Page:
Lathrop & Ruma (eds.): Open Government: Transparency, Collaboration and Participation in Practice. O’Reilly, 2010.

Years from now, people will look back at the Open Government movement and attribute its beginnings to the release of this book. But that couldn’t be further from the truth. The movement has been live and at large since well before this book, and that it has reached the White House is a manifestation of the power of the movement’s ideas.

The book, however, brings a lot of substance to the public debate about open government and offers a range of highly interesting essays and case studies on many aspects involving transparency, participation and collaboration in the public sector. While especially the case studies are very US-centric, many of the central ideas and arguments are universally valid and the first half of the book (and a bit beyond, and towards the end) does an outstanding job at conveying a relatively full picture of the debate. The downside is that the book is a bit lopsided towards open data, and web 2.0/outreach type activities, and does not offer much in the way of e-participation for example. Articles on broader implications of open government are missing, such as analyses from a public management, political science or institutional theory perspective.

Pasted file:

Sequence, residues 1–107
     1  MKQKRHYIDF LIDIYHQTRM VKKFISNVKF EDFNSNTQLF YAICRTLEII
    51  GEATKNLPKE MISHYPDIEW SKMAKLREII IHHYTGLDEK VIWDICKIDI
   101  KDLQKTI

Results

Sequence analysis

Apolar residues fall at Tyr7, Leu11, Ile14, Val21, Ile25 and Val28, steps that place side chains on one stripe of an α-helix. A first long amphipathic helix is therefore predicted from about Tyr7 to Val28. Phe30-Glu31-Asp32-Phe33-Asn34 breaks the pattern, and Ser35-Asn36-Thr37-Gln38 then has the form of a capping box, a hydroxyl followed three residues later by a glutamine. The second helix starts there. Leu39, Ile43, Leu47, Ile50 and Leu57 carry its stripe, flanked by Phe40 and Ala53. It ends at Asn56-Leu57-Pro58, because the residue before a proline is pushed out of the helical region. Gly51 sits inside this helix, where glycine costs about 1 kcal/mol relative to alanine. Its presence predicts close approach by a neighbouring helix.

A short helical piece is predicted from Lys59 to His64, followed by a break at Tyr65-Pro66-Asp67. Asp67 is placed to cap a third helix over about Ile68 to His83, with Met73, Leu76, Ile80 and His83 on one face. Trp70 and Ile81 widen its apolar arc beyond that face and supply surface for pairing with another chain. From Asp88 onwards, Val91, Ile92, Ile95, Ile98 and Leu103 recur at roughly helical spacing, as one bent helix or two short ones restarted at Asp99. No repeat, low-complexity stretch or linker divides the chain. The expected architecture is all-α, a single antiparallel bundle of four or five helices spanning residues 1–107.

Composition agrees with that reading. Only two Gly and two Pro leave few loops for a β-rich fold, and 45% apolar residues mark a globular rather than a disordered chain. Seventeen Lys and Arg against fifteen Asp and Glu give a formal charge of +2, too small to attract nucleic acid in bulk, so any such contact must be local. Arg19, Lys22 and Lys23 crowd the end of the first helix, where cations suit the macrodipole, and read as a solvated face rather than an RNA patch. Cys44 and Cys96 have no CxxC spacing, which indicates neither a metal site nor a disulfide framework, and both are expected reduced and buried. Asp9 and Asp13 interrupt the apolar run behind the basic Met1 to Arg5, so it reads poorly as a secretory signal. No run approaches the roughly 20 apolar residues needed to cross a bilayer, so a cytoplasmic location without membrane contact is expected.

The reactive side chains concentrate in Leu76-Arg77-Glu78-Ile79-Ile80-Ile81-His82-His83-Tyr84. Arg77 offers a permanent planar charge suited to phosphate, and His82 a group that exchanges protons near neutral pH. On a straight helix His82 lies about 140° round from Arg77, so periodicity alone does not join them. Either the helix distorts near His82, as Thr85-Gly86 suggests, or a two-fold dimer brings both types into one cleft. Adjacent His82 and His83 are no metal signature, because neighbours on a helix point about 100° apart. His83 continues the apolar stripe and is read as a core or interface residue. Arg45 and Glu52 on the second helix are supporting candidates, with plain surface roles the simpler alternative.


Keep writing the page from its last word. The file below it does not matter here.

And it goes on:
But this book can only be a start, and for that it is an excellent one. Readers will find many articles with eloquently presented ideas that are years ahead of how government works today, if not decades. Many examples illustrate the feasibility as well as the genesis of the ideas.

Verdict: A must-read for advocates, geeks, public sector thinkers and especially public officials and employees. An outstanding collection of essays and case studies that provide a substantial base for the open government debate. It is lacking in some areas and lopsided towards open data but that is a gap future publications can and should fill.